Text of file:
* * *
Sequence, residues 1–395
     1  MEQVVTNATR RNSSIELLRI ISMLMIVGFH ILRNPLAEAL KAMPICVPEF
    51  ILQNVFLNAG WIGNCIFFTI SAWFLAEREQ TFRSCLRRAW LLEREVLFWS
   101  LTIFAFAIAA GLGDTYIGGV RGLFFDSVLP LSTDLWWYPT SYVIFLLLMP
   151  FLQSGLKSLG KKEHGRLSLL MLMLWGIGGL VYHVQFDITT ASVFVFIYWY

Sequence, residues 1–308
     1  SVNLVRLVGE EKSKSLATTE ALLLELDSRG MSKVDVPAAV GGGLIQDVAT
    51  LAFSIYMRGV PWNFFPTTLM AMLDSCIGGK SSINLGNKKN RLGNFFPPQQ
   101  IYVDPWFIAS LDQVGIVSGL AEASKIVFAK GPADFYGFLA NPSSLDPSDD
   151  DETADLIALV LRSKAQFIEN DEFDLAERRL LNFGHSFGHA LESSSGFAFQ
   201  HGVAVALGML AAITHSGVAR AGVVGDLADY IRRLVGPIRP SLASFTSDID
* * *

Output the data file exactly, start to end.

Sequence, residues 1–395
     1  MEQVVTNATR RNSSIELLRI ISMLMIVGFH ILRNPLAEAL KAMPICVPEF
    51  ILQNVFLNAG WIGNCIFFTI SAWFLAEREQ TFRSCLRRAW LLEREVLFWS
   101  LTIFAFAIAA GLGDTYIGGV RGLFFDSVLP LSTDLWWYPT SYVIFLLLMP
   151  FLQSGLKSLG KKEHGRLSLL MLMLWGIGGL VYHVQFDITT ASVFVFIYWY

Sequence, residues 1–308
     1  SVNLVRLVGE EKSKSLATTE ALLLELDSRG MSKVDVPAAV GGGLIQDVAT
    51  LAFSIYMRGV PWNFFPTTLM AMLDSCIGGK SSINLGNKKN RLGNFFPPQQ
   101  IYVDPWFIAS LDQVGIVSGL AEASKIVFAK GPADFYGFLA NPSSLDPSDD
   151  DETADLIALV LRSKAQFIEN DEFDLAERRL LNFGHSFGHA LESSSGFAFQ
   201  HGVAVALGML AAITHSGVAR AGVVGDLADY IRRLVGPIRP SLASFTSDID